Jess is a Wanderer tells you where to find hot water pools and natural rock formations on Coromandel Peninsula’s east coast…
Easily accessible by car or bicycle, Hot Water Beach should be visited two hours either side of low-tide. This means that the sea will be out far enough that you can dig in the sand (in a specific location) in order to find hot water. Honestly, I couldn’t believe how hot it was. More than 60c in some places! Fortunately, it does cool and you can mix the colder water in to create the perfect bathing temperature.
Be warned, it is a busy affair. You’ll know exactly where to dig because of the hordes of people doing the same thing. If you get lucky and there’s no one around, you’ll see the mist rising from the shore which will point you in the right direction.
If you’re not lucky enough to have a spade, you can hire one from the shops nearby or wait for someone to leave and then commandeer their hole. We did this as we didn’t seem to be able to find our own hot water source! Can you believe that. We must have been digging wrong or something.
Not far from Hot Water Beach – around 6km away there’s a lovely beach called Hahei. Again, a lovely bicycle ride or you can drive because there’s plenty of free parking. Some advice – there’s different parking available along the route to Cathedral Cove. We parked in the furthest away park and ride place – because we didn’t know there was other parking available. However, it was only a short 7km walk to Cathedral Cove itself. If you park elsewhere, it’s still around a 5km walk. Don’t wear flip-flops because it’s quite steep in parts, I messed up with poor footwear choice. There are other places to visit along the way: Gemstone Cave among others. Only a 2-3 minute detour off the main path and worth seeing.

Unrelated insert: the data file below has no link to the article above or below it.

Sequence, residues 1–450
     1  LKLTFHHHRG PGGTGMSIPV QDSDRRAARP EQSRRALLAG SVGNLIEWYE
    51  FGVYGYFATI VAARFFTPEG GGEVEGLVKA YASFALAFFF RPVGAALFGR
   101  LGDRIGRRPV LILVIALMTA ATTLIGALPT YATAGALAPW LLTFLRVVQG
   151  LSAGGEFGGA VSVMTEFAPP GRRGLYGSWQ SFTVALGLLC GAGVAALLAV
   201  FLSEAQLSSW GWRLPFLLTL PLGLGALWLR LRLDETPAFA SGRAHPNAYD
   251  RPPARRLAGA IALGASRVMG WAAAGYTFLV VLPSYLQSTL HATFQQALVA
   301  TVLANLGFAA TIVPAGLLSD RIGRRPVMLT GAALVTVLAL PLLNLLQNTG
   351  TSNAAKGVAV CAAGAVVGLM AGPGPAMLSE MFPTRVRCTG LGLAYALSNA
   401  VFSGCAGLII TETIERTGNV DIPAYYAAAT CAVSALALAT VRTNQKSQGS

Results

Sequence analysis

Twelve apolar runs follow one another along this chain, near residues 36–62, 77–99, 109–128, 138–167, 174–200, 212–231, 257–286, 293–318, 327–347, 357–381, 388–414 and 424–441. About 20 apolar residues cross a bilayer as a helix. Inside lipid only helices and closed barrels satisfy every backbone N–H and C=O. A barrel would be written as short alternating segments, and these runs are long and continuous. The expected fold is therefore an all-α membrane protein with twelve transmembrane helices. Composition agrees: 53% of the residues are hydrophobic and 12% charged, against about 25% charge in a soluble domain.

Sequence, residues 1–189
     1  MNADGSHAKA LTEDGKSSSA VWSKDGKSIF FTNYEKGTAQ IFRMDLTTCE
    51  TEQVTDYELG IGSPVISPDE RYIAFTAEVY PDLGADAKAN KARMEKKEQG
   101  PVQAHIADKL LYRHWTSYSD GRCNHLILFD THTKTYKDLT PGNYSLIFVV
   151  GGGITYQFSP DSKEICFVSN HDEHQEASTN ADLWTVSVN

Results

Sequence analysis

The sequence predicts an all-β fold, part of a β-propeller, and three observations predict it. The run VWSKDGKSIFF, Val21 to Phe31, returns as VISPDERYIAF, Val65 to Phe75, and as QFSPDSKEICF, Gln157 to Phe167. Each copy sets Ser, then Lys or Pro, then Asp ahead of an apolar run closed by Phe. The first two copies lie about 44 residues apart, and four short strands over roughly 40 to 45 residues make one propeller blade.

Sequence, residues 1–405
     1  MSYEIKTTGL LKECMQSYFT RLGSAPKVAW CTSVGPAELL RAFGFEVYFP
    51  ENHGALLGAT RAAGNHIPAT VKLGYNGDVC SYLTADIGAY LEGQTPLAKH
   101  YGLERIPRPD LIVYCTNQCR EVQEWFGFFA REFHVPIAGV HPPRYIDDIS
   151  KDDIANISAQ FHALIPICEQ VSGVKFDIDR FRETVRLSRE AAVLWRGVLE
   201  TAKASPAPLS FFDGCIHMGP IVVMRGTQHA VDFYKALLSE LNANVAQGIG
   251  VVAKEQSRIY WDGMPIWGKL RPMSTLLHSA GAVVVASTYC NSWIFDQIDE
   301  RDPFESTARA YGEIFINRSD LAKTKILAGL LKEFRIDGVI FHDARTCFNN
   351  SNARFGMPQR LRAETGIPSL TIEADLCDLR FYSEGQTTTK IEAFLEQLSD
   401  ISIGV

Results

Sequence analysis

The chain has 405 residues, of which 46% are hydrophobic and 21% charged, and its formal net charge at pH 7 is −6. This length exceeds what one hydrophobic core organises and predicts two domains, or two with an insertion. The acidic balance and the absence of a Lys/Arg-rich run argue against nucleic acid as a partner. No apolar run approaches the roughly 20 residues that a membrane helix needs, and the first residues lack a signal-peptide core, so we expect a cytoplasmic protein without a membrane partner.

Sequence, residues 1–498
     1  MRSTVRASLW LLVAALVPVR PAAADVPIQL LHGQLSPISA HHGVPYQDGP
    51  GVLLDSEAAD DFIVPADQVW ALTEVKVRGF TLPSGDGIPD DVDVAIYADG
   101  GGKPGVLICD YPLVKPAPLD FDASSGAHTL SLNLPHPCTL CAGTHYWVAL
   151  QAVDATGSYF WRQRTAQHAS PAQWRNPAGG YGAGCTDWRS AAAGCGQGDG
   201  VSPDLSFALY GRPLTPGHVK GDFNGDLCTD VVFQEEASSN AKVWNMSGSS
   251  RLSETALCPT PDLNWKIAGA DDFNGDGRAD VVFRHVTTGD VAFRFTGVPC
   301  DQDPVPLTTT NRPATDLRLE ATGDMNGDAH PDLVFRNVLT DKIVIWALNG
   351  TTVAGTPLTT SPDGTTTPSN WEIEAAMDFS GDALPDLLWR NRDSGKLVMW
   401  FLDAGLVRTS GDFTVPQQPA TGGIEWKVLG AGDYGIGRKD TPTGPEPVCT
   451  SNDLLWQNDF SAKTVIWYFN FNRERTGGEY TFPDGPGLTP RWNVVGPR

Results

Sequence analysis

Just above the cove itself, there’s an extra 2km-return walk you can do through the forest to a lookout. I tramped along the path and it was lovely to get a birds-eye view of the sea, rocks and cliffs. It’s really beautiful so if you’ve got the energy, give it a go.
After a while, you start the descent to Cathedral Cove itself. It’s a fabulous white sandy beach with turquoise waters and the archway really has to be seen to be believed. Of course, there are millions of people there but with a little patience, you’ll be able to take a relatively people-free pic.
Visiting Cathedral Cove was well worth the cycling and tramping. I’d definitely have preferred less tourists to have been there but you can’t have everything!
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